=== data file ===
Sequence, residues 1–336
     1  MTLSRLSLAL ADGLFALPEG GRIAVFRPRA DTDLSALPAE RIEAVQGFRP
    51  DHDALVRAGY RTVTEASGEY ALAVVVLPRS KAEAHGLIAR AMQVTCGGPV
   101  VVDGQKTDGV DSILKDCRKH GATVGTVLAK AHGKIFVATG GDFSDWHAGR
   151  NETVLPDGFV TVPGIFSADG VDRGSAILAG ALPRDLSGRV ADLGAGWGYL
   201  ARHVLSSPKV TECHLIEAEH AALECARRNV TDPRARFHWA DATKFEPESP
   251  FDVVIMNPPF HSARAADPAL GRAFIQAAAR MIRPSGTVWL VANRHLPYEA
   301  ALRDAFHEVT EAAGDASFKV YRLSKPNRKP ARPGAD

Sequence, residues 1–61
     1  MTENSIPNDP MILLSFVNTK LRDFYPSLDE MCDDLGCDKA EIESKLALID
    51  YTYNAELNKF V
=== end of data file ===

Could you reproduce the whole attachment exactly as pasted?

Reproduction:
Sequence, residues 1–336
     1  MTLSRLSLAL ADGLFALPEG GRIAVFRPRA DTDLSALPAE RIEAVQGFRP
    51  DHDALVRAGY RTVTEASGEY ALAVVVLPRS KAEAHGLIAR AMQVTCGGPV
   101  VVDGQKTDGV DSILKDCRKH GATVGTVLAK AHGKIFVATG GDFSDWHAGR
   151  NETVLPDGFV TVPGIFSADG VDRGSAILAG ALPRDLSGRV ADLGAGWGYL
   201  ARHVLSSPKV TECHLIEAEH AALECARRNV TDPRARFHWA DATKFEPESP
   251  FDVVIMNPPF HSARAADPAL GRAFIQAAAR MIRPSGTVWL VANRHLPYEA
   301  ALRDAFHEVT EAAGDASFKV YRLSKPNRKP ARPGAD

Sequence, residues 1–61
     1  MTENSIPNDP MILLSFVNTK LRDFYPSLDE MCDDLGCDKA EIESKLALID
    51  YTYNAELNKF V